chess talents of the soviet union (4): let machine cooperate with men

Chess engines are improving rapidly. In 1985, the World Champion Kasparov played against 32 chess computers and won all games. But in 1997, a supercomputer called Deep Blue challenged Kasparov and defeated him with difficulties. Kasparov recollected that he felt confused when sitting in front of the computer. He was not able to look into the eyes, interpret the body language and feel the emotional status as he confronted human opponents. Nowadays, more advanced artificial intelligences appear and they can easily defeat a World Champion. Is that chess as a sport has lost its significance to human beings, and is that machines will finally replace human in playing chess?

Kasparov played against Deep Blue

This is a dilemma which perplexes many people. Not only regarding to chess, but in many other aspects of our daily lives, people fear that machine will finally conquer human beings and rule the earth. Just as Kasparov illustrated, that throughout history, the competitions between machine and human were often portrayed as the battle of life and death. The painting John Henry died with a hammer in his hand depicted the scenery that manpower competed against steam hammer for railway construction, and finally the African American worker John Henry died of being excessively exhausted. John remains a hero in the history of human fighting against machine, yet John’s death indicates that human is doomed to be defeated and replaced by machine. Even several Hollywood classics such as Terminator and Matrix portraits the inevitable end of human kind in the fight against machine.

John Henry died with a hammer in his hand

But Kasparov believes that we do not have to be so pessimistic. He holds that the success of machine is a human triumph. Machine itself is not intelligent, but it is human beings who blend their intelligence into machine and make it work wisely. Humans are not surpassed by machine, but by our own creations. If we cannot beat the machines, join them. Humans possess intuition, strategy and experience, while machine is good at calculation, tactics and memory. If we combine all these strengths, we will achieve greater.

Kasparov in his speech don’t fear intelligent machines. Work with them.

However, cooperating effectively with machine is easier said than done. It is a skill that chess players need to cultivate, practice and accumulate in the long term. In 2005, the online play site held a “freestyle” chess tournament, where players could participate with the help of other players or computers. Groups of strong grandmasters entered the tournaments with the most advanced computers. However, to everyone’s surprise, the winner was two amateur players with three ordinary computers. As Kasparov revealed, the two players were skilled at manipulating and “coaching” their computers so that the computers successfully maximized their potentials.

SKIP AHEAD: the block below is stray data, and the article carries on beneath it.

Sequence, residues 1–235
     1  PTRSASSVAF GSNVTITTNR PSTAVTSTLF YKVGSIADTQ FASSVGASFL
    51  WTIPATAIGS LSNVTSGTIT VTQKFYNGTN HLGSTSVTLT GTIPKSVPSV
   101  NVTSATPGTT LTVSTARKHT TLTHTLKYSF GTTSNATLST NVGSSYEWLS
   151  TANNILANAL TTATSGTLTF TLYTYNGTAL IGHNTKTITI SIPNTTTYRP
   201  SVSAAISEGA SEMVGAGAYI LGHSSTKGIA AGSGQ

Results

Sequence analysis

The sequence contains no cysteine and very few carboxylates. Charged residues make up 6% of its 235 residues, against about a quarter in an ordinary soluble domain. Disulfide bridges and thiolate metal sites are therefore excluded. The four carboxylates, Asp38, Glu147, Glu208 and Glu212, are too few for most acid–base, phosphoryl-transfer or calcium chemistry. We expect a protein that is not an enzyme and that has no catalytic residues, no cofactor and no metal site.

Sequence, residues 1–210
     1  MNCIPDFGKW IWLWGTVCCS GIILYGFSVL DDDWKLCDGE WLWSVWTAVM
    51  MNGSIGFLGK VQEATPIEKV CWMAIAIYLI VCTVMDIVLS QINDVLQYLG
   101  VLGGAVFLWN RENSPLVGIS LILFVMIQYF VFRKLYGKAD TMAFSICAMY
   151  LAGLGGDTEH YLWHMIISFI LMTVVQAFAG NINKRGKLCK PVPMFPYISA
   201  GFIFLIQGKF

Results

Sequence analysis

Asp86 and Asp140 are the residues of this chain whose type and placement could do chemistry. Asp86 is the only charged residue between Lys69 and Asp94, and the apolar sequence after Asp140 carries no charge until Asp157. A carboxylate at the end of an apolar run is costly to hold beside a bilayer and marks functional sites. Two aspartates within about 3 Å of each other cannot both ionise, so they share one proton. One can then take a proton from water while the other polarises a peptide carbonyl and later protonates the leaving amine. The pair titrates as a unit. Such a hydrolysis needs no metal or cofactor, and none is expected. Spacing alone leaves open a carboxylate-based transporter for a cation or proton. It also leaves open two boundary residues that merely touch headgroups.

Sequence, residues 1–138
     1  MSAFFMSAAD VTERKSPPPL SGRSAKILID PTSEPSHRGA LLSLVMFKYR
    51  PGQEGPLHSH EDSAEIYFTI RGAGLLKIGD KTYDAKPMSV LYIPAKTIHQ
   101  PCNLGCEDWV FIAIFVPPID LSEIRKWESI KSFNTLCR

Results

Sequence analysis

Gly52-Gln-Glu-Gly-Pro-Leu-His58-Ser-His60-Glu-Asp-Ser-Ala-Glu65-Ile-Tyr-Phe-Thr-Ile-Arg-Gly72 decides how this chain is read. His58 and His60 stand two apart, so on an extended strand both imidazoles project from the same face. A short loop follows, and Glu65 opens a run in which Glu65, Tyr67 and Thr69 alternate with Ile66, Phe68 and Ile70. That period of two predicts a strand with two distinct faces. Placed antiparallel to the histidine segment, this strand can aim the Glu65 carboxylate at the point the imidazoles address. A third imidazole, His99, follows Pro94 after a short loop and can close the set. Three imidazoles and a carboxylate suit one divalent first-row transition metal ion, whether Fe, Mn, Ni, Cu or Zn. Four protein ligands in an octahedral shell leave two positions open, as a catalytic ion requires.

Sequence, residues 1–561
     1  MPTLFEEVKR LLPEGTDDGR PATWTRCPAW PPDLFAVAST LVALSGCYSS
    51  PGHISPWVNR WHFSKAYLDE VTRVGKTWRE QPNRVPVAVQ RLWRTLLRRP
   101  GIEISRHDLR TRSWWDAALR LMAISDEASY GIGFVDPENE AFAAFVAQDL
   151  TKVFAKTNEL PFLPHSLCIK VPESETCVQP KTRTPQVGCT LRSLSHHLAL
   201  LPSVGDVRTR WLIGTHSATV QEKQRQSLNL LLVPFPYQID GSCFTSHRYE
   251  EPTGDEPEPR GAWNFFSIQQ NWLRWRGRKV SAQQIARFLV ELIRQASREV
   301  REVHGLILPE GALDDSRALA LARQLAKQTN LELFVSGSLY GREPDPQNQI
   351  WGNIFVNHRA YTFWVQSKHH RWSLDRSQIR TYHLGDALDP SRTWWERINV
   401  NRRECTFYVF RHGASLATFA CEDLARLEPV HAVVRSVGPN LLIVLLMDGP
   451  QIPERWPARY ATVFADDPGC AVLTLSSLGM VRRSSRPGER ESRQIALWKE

“freestyle” chess tournament

In fact, the methodology of combining human intelligence and machine can also be applied in our chess trainings. Chess engines can be helpful in calculation, analyzing and finding the correct moves in complex positions. But they are not able to tell us the strategy of playing against a specific opponent, such as whether we should play aggressively or solid, whether we should keep the position closed or open, or whether we should sacrifice a piece for compensation. In addition, we should not blindly follow the computer’s suggestions, but we must understand why we should play the moves chess engines recommended, and what our plans will be after these moves.

Just as chess engines have become necessary to chess players, other technologies have also become indispensable to our daily lives. We use the cell phone to communicate with our families and friends, and we use the internet to search for the latest news. And just like we cannot prevent chess engines for becoming stronger, we cannot stop the rapid technological development. But technologies will always bring us more benefits than harms if we use them wisely. Plus, machine can never replace the wisdom and the spirits of human beings, and machine itself can never exist without humans. Thus, relinquish our fear that machine will beat human beings, and let us embrace new technologies, learn to cooperate with them effectively, and achieve higher.



-Kasparov, G. 2007. How life Imitates Chess.



Young and active tournament player with excellent results including a 1st place at the BSSZ Aranytiz International Master, 1st place at the Chinese Youth Chess Championship G16, and part of the top 10 contenders in two World Chess Championships for girls G16 and G18.

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